Supertyphoon Pongsona struck the U.S. Island of Guam on Sunday, December 8, 2002. The composite image (left) of the supertyphoon was made by overlaying data from the infrared, microwave, and visible/near-infrared sensors that make up the AIRS sounding system. This storm can also be seen with the standard AIRS Vis/NIR (right).

Welcome to the JPL Tropical Cyclone Information System

The JPL Tropical Cyclone Information System is being actively developed to help scientists improve their understanding and forecasting of hurricanes. It has two components: a set of near real-time portals that integrate model forecast with multi-parameter satellite and airborne observations from a variety of instruments and platforms, providing interactive visualization and some on-line analysis tools that work with both observations and models, and a 12-year global archive of multi-satellite hurricane observations.

Below you will find links to various portals where you can view different types of data.

North Atlantic Hurricane Watch (NAHW)

The North Atlantic Hurricane Watch data portal monitors hurricanes in the North Atlantic and East Pacific ocean basins. This near real-time interactive data portal was originally developed to support the multi-year Hurricane and Severe Storm Sentinel (HS3) aircraft campaign. HS3 was a five year mission with a three year airborne component (2012-2014). This portal allows users to analyze and compare observation data and model forecasts during each hurricane season (June - November) from 2012 to the present day.

Convective Processes Experiment - Aerosols & Winds (CPEX-AW)   &   Convective Processes Experiment (CPEX)

The 2021 NASA Convective Processes Experiment - Aersols & Winds campagin will study the dynamics and microphysics related to the Saharan Air Layer, African Easterly Waves and Jets, Tropical Easterly Jet, and deep convection in the InterTropical Convergence Zone (ITCZ).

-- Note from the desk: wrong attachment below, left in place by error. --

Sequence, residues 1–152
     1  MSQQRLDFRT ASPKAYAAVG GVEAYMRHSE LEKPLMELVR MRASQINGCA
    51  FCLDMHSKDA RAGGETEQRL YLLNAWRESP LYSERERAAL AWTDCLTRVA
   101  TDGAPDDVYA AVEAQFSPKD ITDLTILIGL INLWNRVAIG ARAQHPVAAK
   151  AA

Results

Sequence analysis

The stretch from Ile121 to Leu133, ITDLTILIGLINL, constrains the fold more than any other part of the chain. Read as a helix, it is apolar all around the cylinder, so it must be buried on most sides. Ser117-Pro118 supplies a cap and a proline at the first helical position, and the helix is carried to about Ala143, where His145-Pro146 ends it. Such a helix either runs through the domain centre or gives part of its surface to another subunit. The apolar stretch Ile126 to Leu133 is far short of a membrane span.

The 2017 NASA Convective Processes Experiment (CPEX) aircraft campaign collected data that could help to answer questions about convective storm initiation, organization, and growth. This near real-time data portal was run from May to July of 2017 in support of the observational phase of CPEX. It collected data from satellite instruments and instruments flying on-board the campaign's DC-8 aircraft.

Additional information about both campaigns is available from the CPEX website.

The Cloud, Aerosol and Monsoon Processes Philippines Experiment (CAMP2Ex)

The Cloud, Aerosol and Monsoon Processes Philippines Experiment (CAMP2Ex) is a response for the need to deconvolute the fields of tropical meteorology and aerosol science at the meso-b to cloud level. Campaign operations were based at Clark International Airport (Philippines). The aircraft field campaign took place mid August - October 6, 2019 on the NASA P3 and the SPEC Learjet 35 platforms. To allow studies of the interannual variability and to put the CAPM2Ex mission observations in the context of this variability, the CAMP2Ex portal will collect satellite and model data over an extended period, including one year after the end of the field campaign. Additional information is available from the CAMP2Ex website. Data can also be downloaded directly from our data repository.

Tropical Cyclone Data Archive (TCDA)

The TCIS Data Archive is a comprehensive tropical cyclone database of multi-parameter satellite observations pertaining to the thermodynamic and microphysical structure of the storms, the air-sea interaction processes and the larger-scale environment. The TC Data Archive offers both digital data and imagery that are subset to the domain and time of interest, thus greatly reducing the volume of unwanted data. This makes the TCDA a valuable source to quickly build statistics in support of research, forecast improvement and algorithm development. Currently, the TCDA contains satellite depictions of hurricanes over the globe from 1999-2010. The data are organized by ocean basin, year and storm. As such, the TCDA provides an easy way to determine when coincident observations from multiple instruments are available – a very valuable and unique feature that saves researchers a significant amount of time dedicated to discovering the data alone. This web interface is now undergoing upgrades and is currently unavailable. Data can also be downloaded directly from our Tropical Cyclone Data Repository.